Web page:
SOURCE: Think Debt Relief

Think Debt Relief

February 13, 2009 13:28 ET

Lenders Frustrate Homeowners' Efforts to Renegotiate Mortgages

PHOENIX, AZ--(Marketwire - February 13, 2009) - While the federal government has been encouraging mortgage lenders to institute and expand mortgage loan modification programs to help distressed homeowners avoid foreclosure, Think Debt Relief says homeowners are encountering so many roadblocks in their attempts to actually modify their mortgages, many are losing their homes anyway.

"The average American trying to negotiate a loan modification will not be able to get it done," said California Congresswoman Maxine Waters, after spending two hours on the phone with a lender, trying to get through to its mortgage mitigation department. She was calling on behalf of a constituent as part of a "Nightline" investigation.

"It will be impossible for them to get in touch with the right person, and even if they get in touch with a so-called counselor, they have a cookie-cutter kind of direction that they can go in," Waters added.

Homeowners attempting to contact their lenders' loan modification departments are reporting horror stories of repeatedly being placed on hold, disconnected, transferred from department to department, and shuffled between their lender and their servicer without ever making any progress on getting their mortgage renegotiated.

Los Angeles couple Carol and Dave Harper are behind on their mortgage and have attempted to modify their home loan with government-owned lender IndyMac, but they told "Nightline" that their repeated phone calls and multiple visits with bank counselors have resulted in nothing more than a six-month runaround. "I've been on the phone so much, it's pathetic," Carol Harper said. "I'm at a point where I don't know where else to go."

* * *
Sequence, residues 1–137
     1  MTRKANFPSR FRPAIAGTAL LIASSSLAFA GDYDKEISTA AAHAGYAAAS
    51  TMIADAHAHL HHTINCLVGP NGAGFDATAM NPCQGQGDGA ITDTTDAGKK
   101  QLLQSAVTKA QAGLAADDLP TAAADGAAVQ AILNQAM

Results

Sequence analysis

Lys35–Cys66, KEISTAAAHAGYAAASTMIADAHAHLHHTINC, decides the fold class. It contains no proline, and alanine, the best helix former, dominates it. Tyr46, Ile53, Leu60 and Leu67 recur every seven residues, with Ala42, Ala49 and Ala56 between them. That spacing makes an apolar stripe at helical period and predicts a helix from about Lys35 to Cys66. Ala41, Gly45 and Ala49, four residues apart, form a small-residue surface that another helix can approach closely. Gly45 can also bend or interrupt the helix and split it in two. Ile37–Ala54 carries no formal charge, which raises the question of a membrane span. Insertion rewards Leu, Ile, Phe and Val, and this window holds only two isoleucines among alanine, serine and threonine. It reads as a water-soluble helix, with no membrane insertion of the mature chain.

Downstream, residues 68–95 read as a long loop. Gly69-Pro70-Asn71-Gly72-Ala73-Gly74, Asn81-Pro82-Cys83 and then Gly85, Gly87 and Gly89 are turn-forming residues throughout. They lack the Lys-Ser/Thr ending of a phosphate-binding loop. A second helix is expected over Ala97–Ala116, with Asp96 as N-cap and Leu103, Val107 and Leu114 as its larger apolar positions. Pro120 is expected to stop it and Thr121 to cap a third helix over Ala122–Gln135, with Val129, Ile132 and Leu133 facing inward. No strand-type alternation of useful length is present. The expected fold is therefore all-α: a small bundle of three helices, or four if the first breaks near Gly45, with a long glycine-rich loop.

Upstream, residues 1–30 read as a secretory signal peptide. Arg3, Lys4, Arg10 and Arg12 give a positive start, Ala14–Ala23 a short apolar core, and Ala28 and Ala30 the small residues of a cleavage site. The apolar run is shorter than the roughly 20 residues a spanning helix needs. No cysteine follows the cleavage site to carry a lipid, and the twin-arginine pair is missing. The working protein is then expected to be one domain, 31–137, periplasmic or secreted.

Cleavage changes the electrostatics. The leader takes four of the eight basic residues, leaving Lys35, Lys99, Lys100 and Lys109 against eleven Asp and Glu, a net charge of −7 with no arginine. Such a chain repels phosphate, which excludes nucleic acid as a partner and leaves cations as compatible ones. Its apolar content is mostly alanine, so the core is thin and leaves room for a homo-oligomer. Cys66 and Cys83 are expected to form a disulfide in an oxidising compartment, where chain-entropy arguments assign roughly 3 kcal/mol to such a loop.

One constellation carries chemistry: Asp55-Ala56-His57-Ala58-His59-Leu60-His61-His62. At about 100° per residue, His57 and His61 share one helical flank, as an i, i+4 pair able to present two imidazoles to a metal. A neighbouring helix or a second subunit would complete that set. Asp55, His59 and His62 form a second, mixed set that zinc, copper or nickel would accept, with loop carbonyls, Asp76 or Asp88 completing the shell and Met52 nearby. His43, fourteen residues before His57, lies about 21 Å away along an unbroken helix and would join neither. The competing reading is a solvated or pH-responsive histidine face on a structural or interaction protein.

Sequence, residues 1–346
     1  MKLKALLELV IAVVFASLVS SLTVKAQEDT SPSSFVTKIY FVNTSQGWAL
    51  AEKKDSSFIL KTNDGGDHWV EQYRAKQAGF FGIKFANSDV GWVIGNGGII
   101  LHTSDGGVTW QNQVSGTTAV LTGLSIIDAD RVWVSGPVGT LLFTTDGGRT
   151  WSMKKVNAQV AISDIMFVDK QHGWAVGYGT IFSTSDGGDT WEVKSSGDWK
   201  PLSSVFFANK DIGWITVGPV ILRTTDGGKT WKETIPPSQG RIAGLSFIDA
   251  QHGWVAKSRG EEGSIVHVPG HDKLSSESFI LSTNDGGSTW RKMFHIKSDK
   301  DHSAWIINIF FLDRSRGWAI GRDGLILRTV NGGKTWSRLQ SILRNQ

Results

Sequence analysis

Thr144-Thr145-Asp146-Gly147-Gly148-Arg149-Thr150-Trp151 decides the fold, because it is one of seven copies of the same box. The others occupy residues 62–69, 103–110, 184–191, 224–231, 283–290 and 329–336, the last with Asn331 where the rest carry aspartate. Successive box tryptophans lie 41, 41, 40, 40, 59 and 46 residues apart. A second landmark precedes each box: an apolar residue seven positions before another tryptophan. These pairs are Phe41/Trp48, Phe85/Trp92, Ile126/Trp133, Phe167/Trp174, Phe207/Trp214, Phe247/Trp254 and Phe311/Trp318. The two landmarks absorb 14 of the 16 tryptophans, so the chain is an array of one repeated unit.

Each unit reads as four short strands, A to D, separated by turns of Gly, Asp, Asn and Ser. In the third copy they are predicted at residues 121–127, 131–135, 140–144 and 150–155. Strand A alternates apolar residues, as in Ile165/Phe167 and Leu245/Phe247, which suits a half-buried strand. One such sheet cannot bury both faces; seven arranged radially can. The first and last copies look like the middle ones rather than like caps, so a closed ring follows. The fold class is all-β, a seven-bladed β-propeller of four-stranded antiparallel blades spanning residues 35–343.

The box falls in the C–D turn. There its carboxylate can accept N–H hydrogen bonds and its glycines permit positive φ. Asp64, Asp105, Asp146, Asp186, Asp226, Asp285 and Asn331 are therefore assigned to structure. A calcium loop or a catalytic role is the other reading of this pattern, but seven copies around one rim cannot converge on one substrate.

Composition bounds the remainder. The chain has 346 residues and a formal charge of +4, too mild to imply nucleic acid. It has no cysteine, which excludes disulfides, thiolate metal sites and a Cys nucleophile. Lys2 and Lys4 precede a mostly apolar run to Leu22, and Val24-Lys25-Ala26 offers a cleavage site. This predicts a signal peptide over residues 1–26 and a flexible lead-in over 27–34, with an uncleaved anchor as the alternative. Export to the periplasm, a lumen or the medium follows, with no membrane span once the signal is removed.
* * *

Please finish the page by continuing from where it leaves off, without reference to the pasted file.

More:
For the 45,000 borrowers who feel similarly desperate and are seeking a workout under a mortgage modification program with the FDIC, results have been equally discouraging: Only 8,500 homeowners have had their home loans restructured so far. And the Hope for Homeowners initiative passed by Congress in July, which was expected to help 400,000 homeowners refinance their home loans and avoid foreclosure, has only refinanced 350 loans so far. The FDIC estimates that another 3.8 million mortgages will be 60 to 90 days past due by the end of 2009.

About Think Debt Relief

Think Debt Relief,, is an experienced debt relief company offering mortgage loan modification programs, credit counseling services, and a debt settlement program that serves as an alternative to long-term and costly debt consolidation plans.